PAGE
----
This Note will argue that the current federal scheme for determining the baseline resources that a state must provide to voters with limited English proficiency is unconstitutional. Specifically, the Voting Rights Act neglects to require adequate translation and interpretation services for many voters with limited English proficiency. Such failure to adequately support this group of citizens throughout the election process effectively excludes them from the democratic process and deprives them of their constitutional right to vote. Whether this group of voters has access to translated materials currently hinges on the language they speak, their nationality, and their geographic location; the scheme set forth in the Voting Rights Act, therefore, deprives these citizens of their right to equal protection under the law.
Part I will provide background information, including a closer look at the non- English speaking population in the United States. It will also examine the various ways that the federal and state governments have succeeded in expanding -- or have failed to expand -- voting rights for citizens who speak a language besides English, including relevant provisions of the Voting Rights Act. Part II will explain the remaining barriers to access and the problems with the current language assistance system laid out in the Voting Rights Act. Part III will assess whether the minority language provisions of the Voting Rights Act violate the Equal Protection Clause, using both the Anderson-Burdick test and a more traditional equal protection analysis. Part IV will recommend solutions that could expand access to language resources, while also considering potential counter-arguments and challenges that may stand in the way of implementing lasting change.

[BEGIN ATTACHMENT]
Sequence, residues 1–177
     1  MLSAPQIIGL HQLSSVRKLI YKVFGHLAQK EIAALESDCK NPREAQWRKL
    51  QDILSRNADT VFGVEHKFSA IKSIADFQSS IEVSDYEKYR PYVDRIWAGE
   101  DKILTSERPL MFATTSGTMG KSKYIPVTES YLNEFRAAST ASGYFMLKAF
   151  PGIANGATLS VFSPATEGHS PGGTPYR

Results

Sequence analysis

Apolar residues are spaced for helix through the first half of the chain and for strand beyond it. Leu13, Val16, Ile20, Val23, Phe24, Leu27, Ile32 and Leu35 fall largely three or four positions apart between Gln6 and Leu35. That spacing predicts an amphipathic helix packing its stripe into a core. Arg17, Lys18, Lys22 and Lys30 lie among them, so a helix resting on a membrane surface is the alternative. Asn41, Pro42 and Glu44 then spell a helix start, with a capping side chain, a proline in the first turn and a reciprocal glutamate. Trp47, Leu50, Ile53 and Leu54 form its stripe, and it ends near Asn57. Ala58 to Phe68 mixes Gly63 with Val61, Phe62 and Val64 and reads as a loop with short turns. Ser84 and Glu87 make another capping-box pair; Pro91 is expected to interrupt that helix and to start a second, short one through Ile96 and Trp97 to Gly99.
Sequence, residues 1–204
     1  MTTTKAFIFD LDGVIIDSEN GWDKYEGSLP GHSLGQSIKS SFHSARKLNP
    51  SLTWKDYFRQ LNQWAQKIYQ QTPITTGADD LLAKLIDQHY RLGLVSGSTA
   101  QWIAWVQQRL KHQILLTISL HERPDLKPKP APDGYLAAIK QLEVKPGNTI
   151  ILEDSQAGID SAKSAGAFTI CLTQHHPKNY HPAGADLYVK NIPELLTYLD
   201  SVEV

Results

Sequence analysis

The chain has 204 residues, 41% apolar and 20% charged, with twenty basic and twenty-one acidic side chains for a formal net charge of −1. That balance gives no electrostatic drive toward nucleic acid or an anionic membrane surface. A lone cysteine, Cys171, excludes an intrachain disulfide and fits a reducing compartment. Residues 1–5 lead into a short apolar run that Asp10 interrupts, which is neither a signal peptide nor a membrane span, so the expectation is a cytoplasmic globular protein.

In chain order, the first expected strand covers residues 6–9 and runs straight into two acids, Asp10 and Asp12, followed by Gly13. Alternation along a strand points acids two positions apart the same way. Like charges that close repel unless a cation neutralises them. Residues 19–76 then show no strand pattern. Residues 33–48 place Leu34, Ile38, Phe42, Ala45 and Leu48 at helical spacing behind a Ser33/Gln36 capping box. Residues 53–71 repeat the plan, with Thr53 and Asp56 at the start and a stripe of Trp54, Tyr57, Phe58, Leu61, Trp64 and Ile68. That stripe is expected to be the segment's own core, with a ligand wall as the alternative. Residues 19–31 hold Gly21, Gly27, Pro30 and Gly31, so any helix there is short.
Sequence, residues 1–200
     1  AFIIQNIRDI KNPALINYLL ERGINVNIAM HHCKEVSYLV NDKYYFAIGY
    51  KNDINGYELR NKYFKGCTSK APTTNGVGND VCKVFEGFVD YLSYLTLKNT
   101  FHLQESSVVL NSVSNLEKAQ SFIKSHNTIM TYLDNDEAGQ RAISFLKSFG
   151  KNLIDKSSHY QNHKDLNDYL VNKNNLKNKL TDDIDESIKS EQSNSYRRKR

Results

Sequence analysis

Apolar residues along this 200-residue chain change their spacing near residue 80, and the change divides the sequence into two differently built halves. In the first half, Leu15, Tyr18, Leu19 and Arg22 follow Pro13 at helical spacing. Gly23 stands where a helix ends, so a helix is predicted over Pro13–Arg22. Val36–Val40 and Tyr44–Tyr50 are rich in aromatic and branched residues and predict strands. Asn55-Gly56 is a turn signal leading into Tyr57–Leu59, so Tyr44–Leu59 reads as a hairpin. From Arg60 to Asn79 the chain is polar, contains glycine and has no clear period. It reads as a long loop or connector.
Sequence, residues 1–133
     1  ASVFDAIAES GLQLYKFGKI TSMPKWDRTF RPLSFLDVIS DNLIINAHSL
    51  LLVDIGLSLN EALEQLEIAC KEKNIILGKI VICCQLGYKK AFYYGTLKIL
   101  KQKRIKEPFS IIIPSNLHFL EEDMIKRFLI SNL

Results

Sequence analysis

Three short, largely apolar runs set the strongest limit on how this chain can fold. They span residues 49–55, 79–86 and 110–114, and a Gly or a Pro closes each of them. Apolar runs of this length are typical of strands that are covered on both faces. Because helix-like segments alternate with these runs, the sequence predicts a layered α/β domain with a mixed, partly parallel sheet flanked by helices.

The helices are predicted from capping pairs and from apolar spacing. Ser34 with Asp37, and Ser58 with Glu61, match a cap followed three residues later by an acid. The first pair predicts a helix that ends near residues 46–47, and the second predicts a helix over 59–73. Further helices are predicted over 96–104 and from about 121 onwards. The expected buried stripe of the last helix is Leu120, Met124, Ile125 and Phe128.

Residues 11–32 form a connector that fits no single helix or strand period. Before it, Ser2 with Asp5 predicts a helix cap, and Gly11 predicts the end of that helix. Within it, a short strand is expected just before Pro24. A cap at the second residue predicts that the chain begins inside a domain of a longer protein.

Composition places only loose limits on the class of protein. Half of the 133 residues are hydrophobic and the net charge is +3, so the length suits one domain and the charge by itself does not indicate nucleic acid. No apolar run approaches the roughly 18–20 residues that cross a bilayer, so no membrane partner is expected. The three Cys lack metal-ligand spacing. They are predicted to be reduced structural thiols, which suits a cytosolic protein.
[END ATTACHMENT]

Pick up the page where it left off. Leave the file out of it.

This abstract has been adapted from the author's introduction.